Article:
On the evening of March 5, Professor Linus Meldrum introduced the artwork of Jean-François Millet, “painter, peasant and Catholic,” as part of a month-long art exhibition in the Gentile Gallery.
Meldrum, who earned his masters of fine arts from The Yale School of Art in New Haven, Connecticut, and serves as assistant professor of Fine Arts at Franciscan University, lectured on Millet’s life and the exhibition titled “Men and Women at Work in the Paintings of Jean-François Millet.” Pictures of Millet’s paintings were hung on walls around the Gallery, along with quotes from art critics and Millet himself.
Meldrum explained that the nineteenth-century French painter had an awe for the simple things in nature and the peasant workers he often painted, whom higher society did not tend to appreciate. Millet’s parents instilled in him a “deep concern for all that was ‘beautiful, terrible or inexplicable’… which seemed to him to be the work of the creator,” Meldrum said, quoting the artist.
Meldrum emphasized a similarity between the painter and St. Francis in their great attention to the beauty of nature that led to an even greater attention to the human person. Millet did not attempt to idealize the countryside or the people who lived in it, but tried “to reveal to others, rich or poor, the beauty of the human activity of laboring close to the earth and the beauty of those incarnate souls who perform that labor,” explained Meldrum.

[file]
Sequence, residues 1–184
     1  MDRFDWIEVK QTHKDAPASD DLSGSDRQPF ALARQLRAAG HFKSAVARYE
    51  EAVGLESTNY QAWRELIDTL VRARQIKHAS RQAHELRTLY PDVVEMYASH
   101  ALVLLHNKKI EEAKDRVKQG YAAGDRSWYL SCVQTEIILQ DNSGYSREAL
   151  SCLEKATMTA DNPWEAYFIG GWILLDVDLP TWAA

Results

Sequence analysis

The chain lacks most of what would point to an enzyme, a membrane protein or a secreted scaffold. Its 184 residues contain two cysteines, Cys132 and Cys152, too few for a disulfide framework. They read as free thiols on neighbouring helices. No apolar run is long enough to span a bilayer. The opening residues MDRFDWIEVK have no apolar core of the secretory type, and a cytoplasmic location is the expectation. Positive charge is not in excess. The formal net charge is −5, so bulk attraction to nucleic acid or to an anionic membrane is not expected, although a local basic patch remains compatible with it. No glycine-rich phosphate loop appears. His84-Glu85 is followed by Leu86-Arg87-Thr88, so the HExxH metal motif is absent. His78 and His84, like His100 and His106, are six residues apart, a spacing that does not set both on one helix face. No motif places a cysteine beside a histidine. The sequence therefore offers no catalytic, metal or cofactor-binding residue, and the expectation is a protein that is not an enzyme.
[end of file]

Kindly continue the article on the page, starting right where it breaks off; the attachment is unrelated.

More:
One painting Meldrum shared, “The Angelus,” features two country people pausing their work to pray the evening Angelus. Meldrum said, “I do believe this image provides us with an invitation to devotion. … It acquaints us with the humility of believers living in God’s world.”
“I think humility is contagious,” he said, “(and) witnessing humility is convicting. I believe that Millet intends this for us.”
Junior Annie Mellody said, “Millet has such a humility in his paintings, and all of his characters that he paints and all of his portraits are just showing the average humble person. He’s able to put this incredible beauty into such normal tasks of life.”
It struck Mellody “how committed he was to trying to be real, but (also seeing) good and beauty and truth and God’s glory in the most fundamental things of life.”
The exhibition was originally shown in Italy and came to the US for the 2017 Festival of Friendship in Pittsburgh. The Fine Arts Department had the opportunity to bring the display to Franciscan and the works will be on display through the month of March.